Ever find yourself staring at a folder of FCS files and thinking, “Wait, now which tubes did I add PMA to, how much did I add, and which samples were these again?”
Jonathan from Cytobank/Stanford recommends what he calls “future proofing” in order to avoid this problem. He explained this approach during a CYTO 2011 Pre-Congress course in his talk titled “Flood Cytometry: Embracing Single Cell Systems Biology (and coping with large cytometry experiments).” In that talk, he outlined four easy steps that are useful for experiments of all sizes.
When collecting on the cytometer:
- Tag your FCS files with key experiment details (e.g. “Patient-J01 IL-2 15m”)
- Label the channels you are measuring (before collecting data)
- Make sure scales and compensations work (before collecting data)
- Encode clinical sample IDs (don’t use HIPAA sensitive information)
Because Cytobank is web-based, we can help you share your flow data with your advisor, labmates, and collaborators – all around the world! By default, your data is private and visible only to you, but if you do decide to share, the easiest way to share an experiment is to give another user full access. But what if you need to share dozens of experiments with the same three people? Or what if you don’t want to give full access to someone but still want them to see your Illustrations?
A Cytobank project enables you to share multiple experiments with the same group of people. A project also allows you to set project-wide permission levels that let you determine whether or not people can make new illustrations and whether or not they can clone the experiments contained within the project.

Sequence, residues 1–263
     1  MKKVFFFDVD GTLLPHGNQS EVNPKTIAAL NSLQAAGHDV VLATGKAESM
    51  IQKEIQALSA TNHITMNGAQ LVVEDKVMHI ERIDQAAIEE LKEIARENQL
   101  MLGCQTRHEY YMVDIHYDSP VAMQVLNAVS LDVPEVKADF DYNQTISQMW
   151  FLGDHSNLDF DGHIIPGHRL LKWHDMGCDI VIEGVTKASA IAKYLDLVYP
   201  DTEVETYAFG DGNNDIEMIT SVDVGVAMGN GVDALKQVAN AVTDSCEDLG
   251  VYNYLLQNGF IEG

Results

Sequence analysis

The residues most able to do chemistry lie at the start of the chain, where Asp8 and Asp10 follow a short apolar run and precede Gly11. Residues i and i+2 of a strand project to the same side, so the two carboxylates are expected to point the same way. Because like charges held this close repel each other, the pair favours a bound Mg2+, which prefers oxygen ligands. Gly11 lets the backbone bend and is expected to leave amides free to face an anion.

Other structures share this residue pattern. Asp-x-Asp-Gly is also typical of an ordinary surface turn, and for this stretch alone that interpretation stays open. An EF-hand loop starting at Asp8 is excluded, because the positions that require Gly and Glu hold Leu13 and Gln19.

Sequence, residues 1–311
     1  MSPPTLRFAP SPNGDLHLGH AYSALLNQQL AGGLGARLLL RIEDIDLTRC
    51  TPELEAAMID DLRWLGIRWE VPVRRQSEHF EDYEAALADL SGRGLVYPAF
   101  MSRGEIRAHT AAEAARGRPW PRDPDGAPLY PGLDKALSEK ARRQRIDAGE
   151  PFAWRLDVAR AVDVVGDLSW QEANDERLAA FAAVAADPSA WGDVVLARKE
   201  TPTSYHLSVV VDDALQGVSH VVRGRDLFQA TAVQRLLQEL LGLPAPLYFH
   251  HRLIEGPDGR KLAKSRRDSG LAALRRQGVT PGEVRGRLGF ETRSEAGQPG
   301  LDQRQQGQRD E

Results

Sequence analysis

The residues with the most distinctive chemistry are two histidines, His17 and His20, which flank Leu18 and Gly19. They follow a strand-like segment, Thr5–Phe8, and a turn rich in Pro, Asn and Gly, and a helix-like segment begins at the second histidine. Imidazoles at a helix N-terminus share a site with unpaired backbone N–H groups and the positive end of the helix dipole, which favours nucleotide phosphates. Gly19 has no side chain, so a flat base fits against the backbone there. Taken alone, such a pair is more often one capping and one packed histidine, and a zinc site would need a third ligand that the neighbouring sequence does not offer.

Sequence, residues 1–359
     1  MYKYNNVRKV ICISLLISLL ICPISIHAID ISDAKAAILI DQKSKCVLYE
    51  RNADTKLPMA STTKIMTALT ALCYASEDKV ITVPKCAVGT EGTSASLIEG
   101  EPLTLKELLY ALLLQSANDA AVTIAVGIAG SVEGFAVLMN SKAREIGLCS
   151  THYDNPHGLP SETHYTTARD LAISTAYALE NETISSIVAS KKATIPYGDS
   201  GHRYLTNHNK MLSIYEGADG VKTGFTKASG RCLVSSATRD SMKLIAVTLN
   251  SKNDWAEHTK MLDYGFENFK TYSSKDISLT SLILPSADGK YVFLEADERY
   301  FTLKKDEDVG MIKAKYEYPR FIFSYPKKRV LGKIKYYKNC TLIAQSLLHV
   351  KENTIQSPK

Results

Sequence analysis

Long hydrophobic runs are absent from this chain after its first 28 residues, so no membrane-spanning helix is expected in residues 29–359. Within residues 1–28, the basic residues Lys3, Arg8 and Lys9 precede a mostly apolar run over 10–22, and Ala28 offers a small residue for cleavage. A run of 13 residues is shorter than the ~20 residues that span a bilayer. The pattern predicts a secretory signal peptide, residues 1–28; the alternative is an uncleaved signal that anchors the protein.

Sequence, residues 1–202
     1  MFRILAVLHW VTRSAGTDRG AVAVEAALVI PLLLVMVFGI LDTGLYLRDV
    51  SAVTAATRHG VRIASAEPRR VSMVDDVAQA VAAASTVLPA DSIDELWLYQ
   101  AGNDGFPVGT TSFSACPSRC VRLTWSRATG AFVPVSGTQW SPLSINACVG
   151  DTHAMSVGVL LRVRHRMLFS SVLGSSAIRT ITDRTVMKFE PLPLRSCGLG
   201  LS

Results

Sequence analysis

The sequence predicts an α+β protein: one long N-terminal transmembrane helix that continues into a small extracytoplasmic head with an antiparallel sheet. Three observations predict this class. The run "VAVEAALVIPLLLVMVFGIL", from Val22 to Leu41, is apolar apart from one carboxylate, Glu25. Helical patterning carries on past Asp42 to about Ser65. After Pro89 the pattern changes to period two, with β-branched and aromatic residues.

Our summer travels are not quite over! Come say hello and tell us how you’re using Cytobank to share and analyze your flow data.
We’re coming to a city near you. Come say hello and tell us how you’re using Cytobank to share and analyze your flow data.
We’re excited to be attending both IMMUNOLOGY 2011 and CYTO 2011 in the next couple weeks. Come say hello and tell us how you’re using Cytobank to share and analyze your flow data.
May 13-17, 2011
98th Annual Meeting of the American Association of Immunologists
Moscone Center, San Francisco, CA
May 21-25, 2011
XXVI Congress of the International Society for Advancement of Cytometry (ISAC)
Baltimore Convention Center, Baltimore, MD
Mass cytometry, a technique developed by DVS Sciences, represents a revolutionary spin on classic fluorescence-based flow cytometry. Instead of using antibodies tagged with fluorophores (in which spectral overlap quickly limits the number of parameters available for simultaneous detection), mass cytometry relies on antibodies tagged with transition element isotopes. Antibody-bound cells are vaporized, ionized, and analyzed on a mass spectrometer.